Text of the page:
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Book Review: Away, Come to Me, and A Blind Man Can See How Much I Love You Amy Bloom

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Amy Bloom’s latest novel Away is so linear that the story is stretched far too thinly. The book covers Lillian Leyb’s arrival in the United States after escaping the pogroms in Russia where, she believes until her cousin tells her otherwise, her daughter has perished. In New York, Lillian works in the Yiddish Theater and then through the grace of her lover is given train fare to journey back to Russia to find her daughter. Taking a ship back would be too dangerous and so Lillian travels west with the intention of going through Alaska, then Siberia and finally to Russia. Lillian stops in Seattle where Bloom describes the life of a whore and then to Alaska where Lillian begins her journey on foot through the bush.

Any one of these stories would be enough for a fascinating novel, but Bloom, like Lillian, has a one-track mind and forces the story and the reader along just as we are excited to sit and explore the current surroundings. This driving force behind Lillian is brought to screeching halt in Alaska, where Lillian decides that finding her daughter is less important than staying put with a man whose cabin she stumbles upon in her journey. This novel is getting some good reviews, and I can’t help but wonder if the reviewers have read her previous work in which her attention to detail, her patience to linger over a touch, a glance, a kiss lets the reader soar.

Bloom’s themes in her previous works often revolve around the repercussions of breaking with our traditional ideas of monogamy. Her short story collections, Come to Me and A Blind Man Can See How Much I Love You, both explore love outside the bounds of marriage. Bloom never punished her characters for their actions, but lets the longing, the pent-up passion, and unrequited love be sweet punishment enough. Her descriptions of sex and passion are filled with quiet actions that fill the reader with desire for these encounters. From the short story, "The Sight of You," a woman’s lover says, “'I can’t not come to you,' he said. 'I just don’t have any choice about it.’ And he gathered up my hair into little bunches and pressed them against his wet face, like flowers.” The woman’s husband is boring and inattentive, though good with their daughters but what woman could resist a man who holds her hair so tenderly?

In A Blind Man Can See How Much I Love You, the short story, "The Gates Are Closing," begins, “Help me. I slid my hands up the legs of Jack’s shorts to stroke the top of his thigh, and he lost his grip on the paint roller. A hundred tiny drops flew through the air at me.” In the following paragraph we learn that this man on the ladder is suffering from Parkinson’s and that he is the husband of the president of the synagogue they are painting. The story explores the different requirements lovers must follow. They are expected to be more passionate, more willing and yet more dead-eyed and cold when requested. The woman in this story struggles with this role and her lover tells her that this is the deal when you share stolen moments with someone’s else’s husband, you must be everything the wife is not. The man tells her, “I told you when we met, baby, I already have a wife.” Though I don’t believe Bloom is making a case, or commenting on our social mores, her stories often make a good case for extraneous relationships, and her characters are filled, for a moment, for a lifetime, after giving in to their passions.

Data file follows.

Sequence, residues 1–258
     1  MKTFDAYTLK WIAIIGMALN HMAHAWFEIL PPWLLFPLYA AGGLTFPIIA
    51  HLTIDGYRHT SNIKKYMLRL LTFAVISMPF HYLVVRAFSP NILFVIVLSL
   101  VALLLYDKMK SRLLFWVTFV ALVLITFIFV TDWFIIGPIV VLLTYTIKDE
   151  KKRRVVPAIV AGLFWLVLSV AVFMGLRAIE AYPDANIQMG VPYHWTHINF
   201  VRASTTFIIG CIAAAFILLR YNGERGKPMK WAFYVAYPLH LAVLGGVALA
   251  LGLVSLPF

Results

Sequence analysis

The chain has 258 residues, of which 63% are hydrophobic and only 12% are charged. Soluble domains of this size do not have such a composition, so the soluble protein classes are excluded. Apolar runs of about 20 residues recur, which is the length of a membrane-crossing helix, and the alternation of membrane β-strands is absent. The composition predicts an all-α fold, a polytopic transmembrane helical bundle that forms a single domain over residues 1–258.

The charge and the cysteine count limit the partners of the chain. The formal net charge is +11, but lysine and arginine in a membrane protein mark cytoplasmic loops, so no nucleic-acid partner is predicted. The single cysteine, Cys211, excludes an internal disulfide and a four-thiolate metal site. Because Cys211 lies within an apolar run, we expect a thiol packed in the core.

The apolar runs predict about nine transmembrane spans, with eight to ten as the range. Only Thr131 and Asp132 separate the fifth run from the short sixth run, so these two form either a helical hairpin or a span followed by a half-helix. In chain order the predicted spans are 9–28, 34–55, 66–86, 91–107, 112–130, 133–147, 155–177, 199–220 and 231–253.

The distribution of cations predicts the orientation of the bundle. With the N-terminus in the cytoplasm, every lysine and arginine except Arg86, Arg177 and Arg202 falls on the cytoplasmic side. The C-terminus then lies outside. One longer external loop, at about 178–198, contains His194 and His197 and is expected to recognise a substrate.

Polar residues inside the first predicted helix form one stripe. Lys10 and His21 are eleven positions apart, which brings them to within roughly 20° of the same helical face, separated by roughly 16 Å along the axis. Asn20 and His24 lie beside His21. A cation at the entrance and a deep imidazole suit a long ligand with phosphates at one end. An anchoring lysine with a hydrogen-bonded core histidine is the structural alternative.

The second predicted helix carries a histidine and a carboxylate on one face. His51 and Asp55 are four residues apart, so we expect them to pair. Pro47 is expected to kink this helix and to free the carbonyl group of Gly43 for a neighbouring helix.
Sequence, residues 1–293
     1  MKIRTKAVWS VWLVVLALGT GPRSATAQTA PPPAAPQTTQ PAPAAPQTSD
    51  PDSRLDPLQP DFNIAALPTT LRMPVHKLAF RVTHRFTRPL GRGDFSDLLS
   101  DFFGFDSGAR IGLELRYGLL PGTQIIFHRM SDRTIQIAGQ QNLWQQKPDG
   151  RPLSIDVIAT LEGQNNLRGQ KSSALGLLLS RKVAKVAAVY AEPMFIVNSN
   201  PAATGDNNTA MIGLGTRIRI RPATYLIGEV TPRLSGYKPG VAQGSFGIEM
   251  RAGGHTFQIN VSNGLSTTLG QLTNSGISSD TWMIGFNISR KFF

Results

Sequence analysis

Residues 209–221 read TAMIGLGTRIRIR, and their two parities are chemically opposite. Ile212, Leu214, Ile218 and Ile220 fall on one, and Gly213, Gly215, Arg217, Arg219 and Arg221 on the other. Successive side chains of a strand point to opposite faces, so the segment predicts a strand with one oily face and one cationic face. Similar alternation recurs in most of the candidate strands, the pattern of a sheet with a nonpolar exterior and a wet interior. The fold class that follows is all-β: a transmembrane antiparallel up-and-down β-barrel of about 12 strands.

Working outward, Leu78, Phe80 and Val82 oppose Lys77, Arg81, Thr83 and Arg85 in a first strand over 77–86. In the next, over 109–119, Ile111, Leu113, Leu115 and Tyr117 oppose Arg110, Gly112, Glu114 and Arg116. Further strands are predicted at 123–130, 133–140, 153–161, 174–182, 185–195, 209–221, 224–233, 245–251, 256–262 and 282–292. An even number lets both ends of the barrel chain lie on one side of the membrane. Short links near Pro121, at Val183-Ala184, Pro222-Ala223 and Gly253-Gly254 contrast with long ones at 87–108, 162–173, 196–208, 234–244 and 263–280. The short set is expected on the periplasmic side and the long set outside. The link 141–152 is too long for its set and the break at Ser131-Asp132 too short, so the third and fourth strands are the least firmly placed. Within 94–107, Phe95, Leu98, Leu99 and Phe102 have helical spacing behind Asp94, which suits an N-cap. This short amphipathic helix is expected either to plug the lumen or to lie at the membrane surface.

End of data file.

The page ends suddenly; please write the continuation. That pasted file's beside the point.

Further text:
Bloom’s female characters are often seen for the first time in a long time by the men who fill their beds. These mothers, and wives who have long since lost their polish for their husbands, are cracked open by new men, their bodies after children, years after the wedding dress would never fit again, are explored anew. These women see beauty again and after these encounters, who would ask them to give that up in favor of one dull life where they are simply mother and wife, or maid or taxi?

As Bloom writes in the story "Faultlines," after the woman has decided she will not take this man as her lover, but as she stumbles and falls into his arms, “A prefect kiss, like a perfect beach, or a perfect diamond, is not so common in our lives that it can be ignored. As Marie calls them for dessert, they loosen their arms but discover they cannot part, they are as inseparable as color and light.” Life is very long and why should we deny ourselves perfect moments because the world says we ought to suffer through the ugliness of daily life, glimpsing beauty, but never holding it because a god or karma or some other abstract thing might punish us for spending an afternoon exploring pure pleasure. In Bloom’s collections this punishment never materializes, and in its place is solace and sex and beauty.

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About Melissa Lion

  • Wonderfully written review. I’m glad you also incorporated commentary on the older works.